Homegrown Lexington tech company SIS is expanding, pouring 5.5 million dollars into its operation. And state and local lawmakers are hoping that becomes a trend. In a time when officials are eager to tout job growth, it's no surprise to see ribbon cuttings drawing larger crowds. SIS, a local tech solutions company, celebrated its expansion Monday, along with the addition of 15 new high-tech jobs. And while that number may sound modest, they're the kind of jobs Governor Steve Beshear says signal recovery.
In the mid 90's, Piers Morgan cut his teeth as an editor at Murdoch's London tabloid the "Sun" and then became the top editor of its sister Sunday paper "News of the World." Two of his successors have been arrested and a third lost his job along with his staff when the paper closed.
Rupert Murdoch, his son and the former head of his newspaper business in the United Kingdom are expected to appear before a parliamentary committee Tuesday. They are due to be questioned about the phone hacking-scandal at the News of The World.
In New Jersey, a new curriculum has been designed to help teachers talking about terrorism in class. It's called "Learning from the Challenges of Our Times: Global Security, Terrorism, and 9-11 in the Classroom." Relatives of 9-11 victims helped write the lessons.
Now that the Education Department has released "Gainful Employment" rules for for-profit schools, some would like to see similar standards for non-profit colleges and universities. With student debt increasing, they say it would be useful for students to know what their job chances are. But the industry has resisted such labels, saying they do not fit liberal arts education. NPR's Larry Abramson reports.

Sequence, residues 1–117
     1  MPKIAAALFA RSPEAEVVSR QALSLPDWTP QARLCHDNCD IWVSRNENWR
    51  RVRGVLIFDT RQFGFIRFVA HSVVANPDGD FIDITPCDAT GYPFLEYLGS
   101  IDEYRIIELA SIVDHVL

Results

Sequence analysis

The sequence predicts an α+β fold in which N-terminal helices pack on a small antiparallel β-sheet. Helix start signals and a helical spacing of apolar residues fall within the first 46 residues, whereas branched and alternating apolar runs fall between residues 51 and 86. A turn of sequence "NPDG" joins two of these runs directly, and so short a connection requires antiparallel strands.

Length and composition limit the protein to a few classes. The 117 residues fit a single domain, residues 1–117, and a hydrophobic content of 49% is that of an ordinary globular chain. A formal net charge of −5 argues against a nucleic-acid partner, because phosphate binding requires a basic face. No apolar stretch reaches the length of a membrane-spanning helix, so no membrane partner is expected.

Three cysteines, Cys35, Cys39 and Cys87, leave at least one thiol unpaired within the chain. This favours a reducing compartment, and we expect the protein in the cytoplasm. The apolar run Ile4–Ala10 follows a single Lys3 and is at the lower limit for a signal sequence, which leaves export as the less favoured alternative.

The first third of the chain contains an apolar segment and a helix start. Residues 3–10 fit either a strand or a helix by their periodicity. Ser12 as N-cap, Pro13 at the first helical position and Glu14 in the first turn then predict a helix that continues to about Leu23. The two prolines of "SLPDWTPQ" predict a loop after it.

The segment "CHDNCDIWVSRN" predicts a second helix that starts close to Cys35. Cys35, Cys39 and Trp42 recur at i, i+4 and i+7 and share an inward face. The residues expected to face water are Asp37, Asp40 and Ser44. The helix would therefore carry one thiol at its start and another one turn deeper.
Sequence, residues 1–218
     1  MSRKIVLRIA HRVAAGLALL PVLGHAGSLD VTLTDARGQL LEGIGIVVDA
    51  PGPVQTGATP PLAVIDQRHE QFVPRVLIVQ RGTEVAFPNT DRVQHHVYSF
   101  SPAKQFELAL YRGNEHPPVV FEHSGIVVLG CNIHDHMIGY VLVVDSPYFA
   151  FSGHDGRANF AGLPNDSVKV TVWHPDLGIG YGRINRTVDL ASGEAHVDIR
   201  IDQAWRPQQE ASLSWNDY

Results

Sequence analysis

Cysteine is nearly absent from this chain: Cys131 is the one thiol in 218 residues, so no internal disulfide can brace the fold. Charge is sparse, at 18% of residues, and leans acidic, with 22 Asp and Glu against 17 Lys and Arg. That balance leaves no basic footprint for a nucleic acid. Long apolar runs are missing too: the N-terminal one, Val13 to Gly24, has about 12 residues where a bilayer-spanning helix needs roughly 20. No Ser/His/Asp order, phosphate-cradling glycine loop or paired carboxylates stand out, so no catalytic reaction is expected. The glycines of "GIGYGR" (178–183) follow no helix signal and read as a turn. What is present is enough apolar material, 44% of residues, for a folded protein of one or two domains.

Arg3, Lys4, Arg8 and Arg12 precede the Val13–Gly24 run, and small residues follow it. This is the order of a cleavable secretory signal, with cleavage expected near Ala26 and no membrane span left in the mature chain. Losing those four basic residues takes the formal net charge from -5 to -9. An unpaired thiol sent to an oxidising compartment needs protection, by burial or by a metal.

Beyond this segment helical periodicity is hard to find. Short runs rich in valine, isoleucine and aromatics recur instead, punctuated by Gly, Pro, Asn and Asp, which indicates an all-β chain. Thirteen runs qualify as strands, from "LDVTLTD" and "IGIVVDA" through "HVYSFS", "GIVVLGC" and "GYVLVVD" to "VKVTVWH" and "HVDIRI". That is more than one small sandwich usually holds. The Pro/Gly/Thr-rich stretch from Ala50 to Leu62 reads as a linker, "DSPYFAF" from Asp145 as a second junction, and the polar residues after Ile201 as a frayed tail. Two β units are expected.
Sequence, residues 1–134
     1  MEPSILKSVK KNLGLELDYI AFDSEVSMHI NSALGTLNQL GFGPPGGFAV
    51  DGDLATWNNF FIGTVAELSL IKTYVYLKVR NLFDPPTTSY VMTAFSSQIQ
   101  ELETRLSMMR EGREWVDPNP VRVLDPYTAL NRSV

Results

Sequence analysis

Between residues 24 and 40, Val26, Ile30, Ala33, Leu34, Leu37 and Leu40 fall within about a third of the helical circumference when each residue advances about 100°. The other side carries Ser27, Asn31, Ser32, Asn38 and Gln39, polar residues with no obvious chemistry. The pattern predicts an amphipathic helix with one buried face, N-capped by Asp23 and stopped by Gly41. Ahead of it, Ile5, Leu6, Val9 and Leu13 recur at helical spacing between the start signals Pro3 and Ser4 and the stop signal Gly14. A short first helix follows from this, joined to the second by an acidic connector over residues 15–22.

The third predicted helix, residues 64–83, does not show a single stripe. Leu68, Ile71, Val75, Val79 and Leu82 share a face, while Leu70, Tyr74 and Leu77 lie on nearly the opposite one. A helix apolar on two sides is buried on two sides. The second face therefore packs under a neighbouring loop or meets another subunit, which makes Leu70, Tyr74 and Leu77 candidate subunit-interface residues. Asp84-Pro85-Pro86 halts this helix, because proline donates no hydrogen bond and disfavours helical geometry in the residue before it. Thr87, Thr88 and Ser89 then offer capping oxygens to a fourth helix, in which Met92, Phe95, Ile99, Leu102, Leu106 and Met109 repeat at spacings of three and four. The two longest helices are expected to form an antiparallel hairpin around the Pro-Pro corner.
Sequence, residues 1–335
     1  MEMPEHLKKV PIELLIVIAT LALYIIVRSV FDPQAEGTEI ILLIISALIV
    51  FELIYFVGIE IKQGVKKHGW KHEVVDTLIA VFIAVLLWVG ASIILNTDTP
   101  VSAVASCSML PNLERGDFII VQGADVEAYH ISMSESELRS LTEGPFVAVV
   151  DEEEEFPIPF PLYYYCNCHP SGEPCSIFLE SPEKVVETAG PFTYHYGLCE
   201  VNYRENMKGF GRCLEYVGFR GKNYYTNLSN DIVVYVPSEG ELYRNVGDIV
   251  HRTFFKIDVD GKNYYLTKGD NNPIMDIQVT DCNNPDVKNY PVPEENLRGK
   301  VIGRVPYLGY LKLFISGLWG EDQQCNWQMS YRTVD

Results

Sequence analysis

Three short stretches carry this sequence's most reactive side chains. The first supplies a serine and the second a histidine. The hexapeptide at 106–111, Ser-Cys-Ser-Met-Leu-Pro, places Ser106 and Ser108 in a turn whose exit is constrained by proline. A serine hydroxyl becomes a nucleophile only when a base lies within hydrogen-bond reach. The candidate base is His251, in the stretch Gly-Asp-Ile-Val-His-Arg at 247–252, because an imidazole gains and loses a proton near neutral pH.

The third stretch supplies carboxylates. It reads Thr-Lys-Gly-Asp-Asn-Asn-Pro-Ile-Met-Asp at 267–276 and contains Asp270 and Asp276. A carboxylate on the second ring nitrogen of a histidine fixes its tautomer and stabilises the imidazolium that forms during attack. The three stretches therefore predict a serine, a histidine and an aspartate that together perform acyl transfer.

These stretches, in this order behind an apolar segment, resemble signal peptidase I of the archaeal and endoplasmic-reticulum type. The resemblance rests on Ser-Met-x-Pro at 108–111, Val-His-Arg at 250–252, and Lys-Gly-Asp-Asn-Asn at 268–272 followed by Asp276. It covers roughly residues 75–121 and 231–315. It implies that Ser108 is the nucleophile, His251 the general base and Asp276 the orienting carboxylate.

The last day the U.S. Treasury says it can fully pay its obligations is exactly two weeks away. That is unless Congress avoids default by raising the nation's legal borrowing limit.
Lawmakers in the House may help budge the debt ceiling impasse with a vote Tuesday on legislation dubbed "Cut, Cap and Balance." It bars any increase in the debt ceiling unless Congress first passes a balanced budget amendment. The bill has little chance in the Senate, but it could clear the way for a bipartisan fallback plan to avoid default.
Milad Saadi clears the dirt around a brick of plastic explosive that he discovered lying on top of a T-AB-1 anti-personnel mine.
Credit Jonathan Levinson for NPR
Land mines are being increasingly used in Libya by Moammar Gadhafi's forces in battlegrounds across the country. Rebels fighting for the eastern town of Brega are being stymied by minefields around the area.
In Libya's western mountains, anti-tank and anti-personnel mines are causing many casualties, but there are few mine experts to help.
On the barren front line in the village of Gualish, rebels take cover from Gadhafi forces (and the relentless sun) behind a sand berm.
The leader of this Miami Mosque, shown May 14, has been accused of financing terrorism in Pakistan. He has pleaded not guilty.
Credit Joe Raedle / Getty Images
In the second part of a series on counterterrorism training, NPR looks at a test case in Miami.
To understand the events that unfolded two months ago in Miami, you need to know that one of the most volatile things that can happen in a Muslim-American community is the arrest of a religious leader, the imam. Back in May, the FBI's Miami field office ended up arresting two of them: Imam Hafiz Khan and his son, Izhar Khan. They were charged along with several other members of the Khan family with financing terrorism in Pakistan.